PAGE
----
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Women’s protection and empowerment programming for Syrian refugees in urban Jordan: challenges and lesson learned

By Melanie Megevand, IRC

Melanie Megevand is IRC’s Women’s Protection and Empowerment Programme Advisor, and has worked in Jordan since May 2012. She established the IRC's emergency response for Syrian refugees in Jordan which include child protection services, reproductive health services and women’s protection and empowerment programmes. She has worked in emergency child protection and GBV programming in Africa, the Middle East and the Haiti for the past 8 years. 

First and foremost, the author extends heartfelt thanks to the Syrian women and girls who have spoken here and trusted IRC with their stories. Their experiences, strength and resourcefulness reflect they are much more than victims of violence but are the cornerstone of families, communities and societies. She has profound respect and admiration for her IRC WPE colleagues and volunteers, IRC partners and counterparts, for their dedication in this immensely challenging area of work.

All the names of those quoted in this report have been changed to protect their identity, unless otherwise consented.

“We ask for humanity—for people to treat us like human beings.” Nada, age 35, Jordan

Background

Marfaq-ZaatriThe IRC has implemented Women’s Protection and Empowerment (WPE) programmes in Jordan since 2007 as part of its emergency response services to Iraqi refugees. Over the years this transitioned from direct programming to supporting community based organizations (CBOs) to deliver services and longer term capacity building efforts with government institutions around Gender Based Violence (GBV).  However, in the spring of 2012 IRC’s partners became quickly overwhelmed with the pressing and growing needs of Syrian women and girls pouring into the country at which point the IRC re-established its direct response in parallel to continued support to partners. Almost four years into the conflict, nearly four of every five people who have fled Syria in the past three years have been women and children.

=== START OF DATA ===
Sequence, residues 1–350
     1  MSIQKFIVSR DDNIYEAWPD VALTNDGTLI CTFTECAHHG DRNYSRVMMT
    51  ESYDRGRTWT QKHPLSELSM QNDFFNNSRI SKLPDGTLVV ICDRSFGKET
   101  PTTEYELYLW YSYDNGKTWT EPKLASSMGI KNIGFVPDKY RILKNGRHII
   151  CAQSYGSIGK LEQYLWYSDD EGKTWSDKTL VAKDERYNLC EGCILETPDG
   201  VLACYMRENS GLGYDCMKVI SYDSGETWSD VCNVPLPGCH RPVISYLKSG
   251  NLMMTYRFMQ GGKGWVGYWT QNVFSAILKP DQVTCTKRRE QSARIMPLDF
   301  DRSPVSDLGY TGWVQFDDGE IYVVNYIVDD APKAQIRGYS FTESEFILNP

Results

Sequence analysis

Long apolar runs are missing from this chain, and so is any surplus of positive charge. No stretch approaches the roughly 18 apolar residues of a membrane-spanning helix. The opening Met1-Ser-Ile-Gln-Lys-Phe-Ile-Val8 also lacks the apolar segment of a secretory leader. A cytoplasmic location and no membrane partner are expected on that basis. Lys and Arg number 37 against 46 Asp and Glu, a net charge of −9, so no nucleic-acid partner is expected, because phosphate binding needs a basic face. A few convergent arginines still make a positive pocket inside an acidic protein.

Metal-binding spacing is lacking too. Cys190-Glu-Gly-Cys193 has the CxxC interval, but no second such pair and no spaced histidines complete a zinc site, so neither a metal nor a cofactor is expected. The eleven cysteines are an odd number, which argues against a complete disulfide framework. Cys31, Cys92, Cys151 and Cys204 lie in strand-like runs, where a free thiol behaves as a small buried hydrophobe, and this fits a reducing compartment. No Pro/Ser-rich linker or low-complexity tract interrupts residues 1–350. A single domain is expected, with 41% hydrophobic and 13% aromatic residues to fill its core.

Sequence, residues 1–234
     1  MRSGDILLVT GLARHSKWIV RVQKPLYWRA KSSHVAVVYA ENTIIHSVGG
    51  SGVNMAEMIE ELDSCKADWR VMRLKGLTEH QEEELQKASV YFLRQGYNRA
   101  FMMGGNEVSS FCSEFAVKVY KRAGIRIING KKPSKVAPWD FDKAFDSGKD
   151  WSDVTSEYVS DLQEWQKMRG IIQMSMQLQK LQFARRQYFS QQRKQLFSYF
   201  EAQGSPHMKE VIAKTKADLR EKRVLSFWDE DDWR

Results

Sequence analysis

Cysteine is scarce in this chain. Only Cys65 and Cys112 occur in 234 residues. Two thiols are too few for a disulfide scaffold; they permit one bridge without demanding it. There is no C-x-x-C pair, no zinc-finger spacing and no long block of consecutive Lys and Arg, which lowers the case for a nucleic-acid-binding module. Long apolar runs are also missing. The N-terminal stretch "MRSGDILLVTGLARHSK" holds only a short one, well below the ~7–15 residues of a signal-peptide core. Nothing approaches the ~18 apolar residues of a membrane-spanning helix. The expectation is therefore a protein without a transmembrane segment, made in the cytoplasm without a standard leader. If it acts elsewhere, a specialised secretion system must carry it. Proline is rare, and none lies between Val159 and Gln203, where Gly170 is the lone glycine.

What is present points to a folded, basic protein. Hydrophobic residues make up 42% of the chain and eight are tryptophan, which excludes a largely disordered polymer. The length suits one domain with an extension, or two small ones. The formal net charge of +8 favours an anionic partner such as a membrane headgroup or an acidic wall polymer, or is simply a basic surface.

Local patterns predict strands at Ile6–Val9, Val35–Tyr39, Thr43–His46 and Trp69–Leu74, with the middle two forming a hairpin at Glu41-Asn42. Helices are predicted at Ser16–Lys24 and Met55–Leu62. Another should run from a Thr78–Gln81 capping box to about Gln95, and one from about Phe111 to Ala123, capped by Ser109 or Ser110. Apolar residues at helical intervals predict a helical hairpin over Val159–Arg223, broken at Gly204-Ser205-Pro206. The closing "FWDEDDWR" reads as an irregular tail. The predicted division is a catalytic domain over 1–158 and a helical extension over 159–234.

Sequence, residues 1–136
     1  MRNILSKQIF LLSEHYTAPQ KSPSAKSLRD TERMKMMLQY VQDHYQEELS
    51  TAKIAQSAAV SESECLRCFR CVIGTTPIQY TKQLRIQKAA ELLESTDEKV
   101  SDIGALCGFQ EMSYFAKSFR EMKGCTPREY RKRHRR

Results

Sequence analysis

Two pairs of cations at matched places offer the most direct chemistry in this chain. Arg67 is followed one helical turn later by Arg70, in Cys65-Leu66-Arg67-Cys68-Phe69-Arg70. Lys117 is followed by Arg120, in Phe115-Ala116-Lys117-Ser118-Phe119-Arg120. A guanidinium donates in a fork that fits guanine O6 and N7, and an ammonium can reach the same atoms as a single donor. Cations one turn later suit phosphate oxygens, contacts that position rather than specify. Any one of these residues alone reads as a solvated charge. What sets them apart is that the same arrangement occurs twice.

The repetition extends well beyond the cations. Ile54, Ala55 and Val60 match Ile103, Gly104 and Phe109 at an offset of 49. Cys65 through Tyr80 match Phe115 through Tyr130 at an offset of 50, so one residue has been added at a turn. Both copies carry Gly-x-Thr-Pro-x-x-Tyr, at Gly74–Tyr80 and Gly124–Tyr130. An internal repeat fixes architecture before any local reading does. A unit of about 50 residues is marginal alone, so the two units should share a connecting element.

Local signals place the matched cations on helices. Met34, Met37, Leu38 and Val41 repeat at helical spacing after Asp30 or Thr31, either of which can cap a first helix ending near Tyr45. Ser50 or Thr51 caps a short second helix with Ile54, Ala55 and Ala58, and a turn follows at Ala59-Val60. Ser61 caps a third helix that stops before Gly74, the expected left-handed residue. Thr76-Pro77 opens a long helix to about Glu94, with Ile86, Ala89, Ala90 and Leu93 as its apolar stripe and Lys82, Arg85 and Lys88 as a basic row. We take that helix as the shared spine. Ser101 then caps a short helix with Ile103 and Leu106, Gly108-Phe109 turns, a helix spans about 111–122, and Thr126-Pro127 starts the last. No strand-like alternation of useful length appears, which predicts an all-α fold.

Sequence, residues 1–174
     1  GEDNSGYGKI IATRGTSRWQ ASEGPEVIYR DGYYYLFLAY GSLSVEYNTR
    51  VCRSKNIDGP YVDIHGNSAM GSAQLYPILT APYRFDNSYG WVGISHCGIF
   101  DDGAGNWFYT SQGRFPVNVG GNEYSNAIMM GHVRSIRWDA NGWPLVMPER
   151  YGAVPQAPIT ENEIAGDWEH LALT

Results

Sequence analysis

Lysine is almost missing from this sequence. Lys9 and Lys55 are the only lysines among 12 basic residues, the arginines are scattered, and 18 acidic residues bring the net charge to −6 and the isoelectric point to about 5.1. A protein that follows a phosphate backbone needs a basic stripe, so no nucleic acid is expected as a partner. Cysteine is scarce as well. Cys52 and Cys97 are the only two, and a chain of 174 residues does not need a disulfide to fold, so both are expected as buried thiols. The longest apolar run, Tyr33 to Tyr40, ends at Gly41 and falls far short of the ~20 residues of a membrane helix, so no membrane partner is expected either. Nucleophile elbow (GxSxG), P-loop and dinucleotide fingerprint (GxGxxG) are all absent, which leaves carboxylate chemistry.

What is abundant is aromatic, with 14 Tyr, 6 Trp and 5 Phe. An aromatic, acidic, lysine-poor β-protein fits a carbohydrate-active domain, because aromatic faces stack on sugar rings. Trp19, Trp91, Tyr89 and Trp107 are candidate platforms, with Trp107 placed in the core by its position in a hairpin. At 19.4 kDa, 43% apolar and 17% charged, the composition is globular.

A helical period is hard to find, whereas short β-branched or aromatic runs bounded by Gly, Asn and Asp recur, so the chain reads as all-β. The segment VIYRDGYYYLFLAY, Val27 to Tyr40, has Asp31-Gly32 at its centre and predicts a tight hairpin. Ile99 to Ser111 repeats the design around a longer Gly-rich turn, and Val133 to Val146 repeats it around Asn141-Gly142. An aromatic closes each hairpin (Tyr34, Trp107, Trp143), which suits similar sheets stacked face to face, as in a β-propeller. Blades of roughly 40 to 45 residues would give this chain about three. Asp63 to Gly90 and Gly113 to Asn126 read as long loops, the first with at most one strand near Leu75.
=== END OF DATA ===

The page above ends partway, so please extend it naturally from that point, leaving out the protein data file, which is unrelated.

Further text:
In the course of rapid GBV assessments conducted in mid-2012 in Jordan and Lebanon by the IRC, Syrians expressed profound distress over the loss of everything that had made their previous lives normal. Systematic accounts of women and girls being attacked in public or in their homes in front of family members, accompanied by attacks in which women and girls were kidnapped, raped, tortured and killed, has left not only visible physical wounds but profound emotional and psychological scars on both survivors and Syrians at large. Conversations with hundreds of Syrian women and girls, men and boys throughout the region from May to June 2014 supplemented by interactions with thousands of women and girls since the Syrian crisis began within Jordan, Lebanon, Syria, Iraq, and Turkey, where the IRC works underline and  substantiate the findings of 2012. When asked “what are the biggest challenges you are facing”, Syrian women and girls reveal three overarching themes of shared experiences with regard to the nature and regularity of the violence they face simply because they are female: the impact GBV has on accessing any and all aid; the complex interplay between the multiple daily threats to their safety and psychosocial wellbeing, and the tremendous adversity they face in their intimate circle, community and society at large.  

Impact of GBV on access to aid by women and girls

IRC women’s centerFirst, the daily reality of sexual exploitation and extreme levels of harassment creates an environment in which Syrian women and girls reveal being constantly fearful walking to school, the store, the latrine, or anywhere else to access services, detailing how each exposes them to threats of harassment and assault. Women and adolescent girls speak of feeling exhausted by the daily negotiations for physical and sexual safety to secure food and water, shelter and clothing. Women and adolescent girls told the IRC about being sexually harassed and exploited by individuals charged with delivering humanitarian aid or by those in positions of relative economic and/or political power in their own communities. They report being asked to engage in “special friendships,” sex, and marriage, by leaders in camps, staff in CBOs, religious leaders, community leaders, employers, and others.  Outside camps in urban areas, where refugees are spread out, restrictions on mobility limit women and girls’ ability to access goods and services provided by the government and/or humanitarian organisations.